The Sins of the Super Bowl Marketer

The last thing you probably need right now is more Super Bowl redux, but bear with me as I outline a few things related to this year’s Big Game that hopefully offer a unique perspective. And hopefully doing so now will save you from making the same mistakes next year.

While I might be the person who authored Life After the 30-Second Spot I’ve often said my ideal assignment would be to work on a Super Bowl commercial. Why? Simply put, everything’s a conversation starter. Given a platform of 90 million viewers, why wouldn’t you want to seize the moment to begin and/or extend a dialogue with your consumers?

And yet we seem to be regressing in our understanding of how to do this. Is it indulgence? Denial? Laziness? Desperation? All of the above? I’m stumped at this industry’s inability to take advantage of a golden opportunity like this one.

Here are a few pieces of advice which you can choose to follow — or not — next year. But seriously … I don’t care how unsexy this might sound, it’s absolutely necessary if you want to be responsible and accountable to your shareholders.

1. You need a URL. This is not an optional extra, and any agency that thinks it is should pretty much be fired on the spot.

2. You need a reason to visit the URL. Not just a call to action but a tangible benefit of visiting. Take a few precious seconds to drive this home.

3. I’d go so far as to display this URL the entire time.

4. This advice is even more important for the handful of advertisers this year that chose to use SMS/text messaging (although you would have been forgiven for thinking this was a subliminal attempt due to the unbelievably short time this information was displayed).

5. Remember that people are often watching the Super Bowl with the sound turned down and/or with a noise level above that of the TV volume. If you think people are hushing each other and turning up the volume when commercials come on, you are delusional. Consider text overlays/supers that drive home key messaging.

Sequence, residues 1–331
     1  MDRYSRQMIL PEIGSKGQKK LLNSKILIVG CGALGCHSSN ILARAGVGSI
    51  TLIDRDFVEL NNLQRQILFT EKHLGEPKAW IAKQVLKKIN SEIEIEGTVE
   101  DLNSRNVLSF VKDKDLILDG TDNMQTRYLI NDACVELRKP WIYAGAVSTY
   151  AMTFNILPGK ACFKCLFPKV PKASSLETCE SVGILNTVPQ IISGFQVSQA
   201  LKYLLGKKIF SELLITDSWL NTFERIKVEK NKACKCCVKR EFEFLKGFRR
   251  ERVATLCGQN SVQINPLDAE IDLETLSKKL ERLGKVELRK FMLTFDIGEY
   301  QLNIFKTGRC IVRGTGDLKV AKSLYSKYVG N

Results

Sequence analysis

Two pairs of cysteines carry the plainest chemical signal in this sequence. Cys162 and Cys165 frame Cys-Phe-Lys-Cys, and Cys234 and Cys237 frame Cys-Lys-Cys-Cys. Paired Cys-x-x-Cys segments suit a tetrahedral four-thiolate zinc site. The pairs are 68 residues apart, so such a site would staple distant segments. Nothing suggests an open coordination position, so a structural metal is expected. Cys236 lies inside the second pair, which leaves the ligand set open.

The buzz you hear is the sound of crickets

Almost as bad as the lack of Web integration this year was the abysmal influencer outreach and blogger activation this year. How hard is it to realize you’re going to need to rely on these gown-wearing, disheveled, basement-dwelling loudmouths living at their mom and pop’s homes?

And yet, this year there was virtually zero pre- or post-game hype or buzz when it came to the blogosphere. I even blogged myself that with less than a week to go I had barely been contacted by a single company to peddle their wares.

Anheuser-Busch was one company that did reach out within a few days of the Super Bowl. I respected the fact that they gave me a password-protected URL in advance and that they trusted me enough not to share this publicly. I still didn’t check them out. Why would I? If I had, I would have found out that they were just teasers…so much for trust and the number one spot on USA Today‘s Ad meter.

I was also impressed that the folks over at Hulu sent me an e-mail, seconds after their commercial aired containing embeddable HTML code, downloads, widgets and other “shareable” assets.